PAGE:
There’s no other way to keep governments from centralizing the structure of the cyber world, but to keep the World Wide Web orderly. Most probably the government is only likely to intervene when rights—protected by the State–are violated. That is why developers and Internet users should share the responsibility to come up with safe cyber activities.
Meanwhile, the World Wide Web Foundation launched the global league table topped by Sweden being hailed as the best country in using Internet technology. United States, United Kingdom, and France came in second, third, and fourteenth respectively. Rankings are based on “economic, political, and social impact of the web, connectivity, and use,” according to Guardian news and Media.
Cyber security in the local setting
Along with the enactment of cybercrime prevention law, comes the alarming issue of lawful tapping of personal conversations.
Inquirer News quoted the director of the Philippine Computer Society, Al Vitangcol, speaking in the Fernandina Forum in San Juan City, “There’s a complaint against you, and a court warrant was secured. Then NBI [National Bureau of Investigation] and PNP [Philippine National Police] authorities can tap your online access…Your email (exchanges) they can monitor, your conversations…They are allowed to do that (under this law).”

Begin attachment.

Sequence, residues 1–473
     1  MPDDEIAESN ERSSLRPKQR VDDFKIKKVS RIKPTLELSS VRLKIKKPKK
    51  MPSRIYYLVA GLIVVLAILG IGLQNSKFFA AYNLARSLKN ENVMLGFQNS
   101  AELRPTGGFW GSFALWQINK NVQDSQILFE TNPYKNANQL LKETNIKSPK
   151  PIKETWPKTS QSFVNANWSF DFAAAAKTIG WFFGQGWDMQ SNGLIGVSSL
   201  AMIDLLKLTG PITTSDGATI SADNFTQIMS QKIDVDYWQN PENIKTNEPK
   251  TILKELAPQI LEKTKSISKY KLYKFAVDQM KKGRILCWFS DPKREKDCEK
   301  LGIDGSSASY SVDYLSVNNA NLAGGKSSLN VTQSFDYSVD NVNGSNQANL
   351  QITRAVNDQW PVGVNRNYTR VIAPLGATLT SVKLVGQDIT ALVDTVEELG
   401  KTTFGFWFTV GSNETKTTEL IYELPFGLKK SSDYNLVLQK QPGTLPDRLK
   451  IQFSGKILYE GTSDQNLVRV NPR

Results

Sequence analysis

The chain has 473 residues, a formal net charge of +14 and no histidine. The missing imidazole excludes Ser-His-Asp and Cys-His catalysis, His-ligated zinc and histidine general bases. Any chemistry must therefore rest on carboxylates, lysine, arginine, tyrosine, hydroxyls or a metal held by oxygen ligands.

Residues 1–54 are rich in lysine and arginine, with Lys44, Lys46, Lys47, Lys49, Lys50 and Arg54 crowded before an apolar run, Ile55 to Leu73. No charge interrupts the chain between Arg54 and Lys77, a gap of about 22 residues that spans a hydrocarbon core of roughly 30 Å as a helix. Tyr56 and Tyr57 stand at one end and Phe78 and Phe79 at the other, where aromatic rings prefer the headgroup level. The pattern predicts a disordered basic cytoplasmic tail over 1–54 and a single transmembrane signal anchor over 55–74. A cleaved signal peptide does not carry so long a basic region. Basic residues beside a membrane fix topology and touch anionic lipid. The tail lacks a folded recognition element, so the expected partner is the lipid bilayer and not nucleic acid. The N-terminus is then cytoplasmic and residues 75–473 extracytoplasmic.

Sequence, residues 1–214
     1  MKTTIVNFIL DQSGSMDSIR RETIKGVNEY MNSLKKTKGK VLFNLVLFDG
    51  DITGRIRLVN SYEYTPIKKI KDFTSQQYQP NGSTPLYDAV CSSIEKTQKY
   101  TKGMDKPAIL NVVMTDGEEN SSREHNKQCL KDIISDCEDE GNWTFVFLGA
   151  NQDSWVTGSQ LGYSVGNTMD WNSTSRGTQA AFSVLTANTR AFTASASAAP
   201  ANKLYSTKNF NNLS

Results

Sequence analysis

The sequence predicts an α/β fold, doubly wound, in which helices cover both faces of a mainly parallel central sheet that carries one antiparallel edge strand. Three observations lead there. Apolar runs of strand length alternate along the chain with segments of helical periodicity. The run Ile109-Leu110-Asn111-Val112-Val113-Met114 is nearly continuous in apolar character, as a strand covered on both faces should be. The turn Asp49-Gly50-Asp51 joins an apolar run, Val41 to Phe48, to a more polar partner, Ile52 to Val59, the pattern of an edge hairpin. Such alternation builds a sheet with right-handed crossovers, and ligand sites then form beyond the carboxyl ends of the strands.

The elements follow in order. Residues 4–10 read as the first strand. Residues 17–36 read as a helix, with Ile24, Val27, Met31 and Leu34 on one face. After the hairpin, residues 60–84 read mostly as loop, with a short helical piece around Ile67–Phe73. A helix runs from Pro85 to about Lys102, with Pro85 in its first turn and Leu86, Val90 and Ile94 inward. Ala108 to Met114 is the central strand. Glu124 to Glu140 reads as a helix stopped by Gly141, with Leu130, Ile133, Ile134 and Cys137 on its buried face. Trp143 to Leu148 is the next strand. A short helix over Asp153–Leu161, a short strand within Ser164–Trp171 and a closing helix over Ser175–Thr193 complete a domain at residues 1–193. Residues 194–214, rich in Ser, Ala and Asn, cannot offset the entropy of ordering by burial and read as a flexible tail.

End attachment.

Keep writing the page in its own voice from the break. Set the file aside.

The Philippines might just be following the footsteps of the United States, which came second on the list of the global league table, in legitimizing wire-tapping in and out of the cyber world by virtue of the US Patriot Act. Such law has even authorized warrantless wire-tapping that might leave lawful intrusion of private conversations at the whim of authorities.
Although the Philippine Cybercrime Prevention Law recognizes the wisdom of the courts to decide whether or not authorities should conduct cyber-spying, it does not qualify crimes eligible for online surveillance, unlike in the US where lawful wire-tapping is exclusive for the prevention and management of terrorism-related crimes.
Here’s the catch. Philippine law enforcement agencies might not be able to guarantee 0% percentage of error along the process of detecting the target web account(s). The prestigious US Federal Bureau of Investigation (FBI) even admitted at one point that they have intercepted wrong numbers back in 2005, according to the MSNBC News. Now, can the NBI guarantee low percentage of error, if not 0%?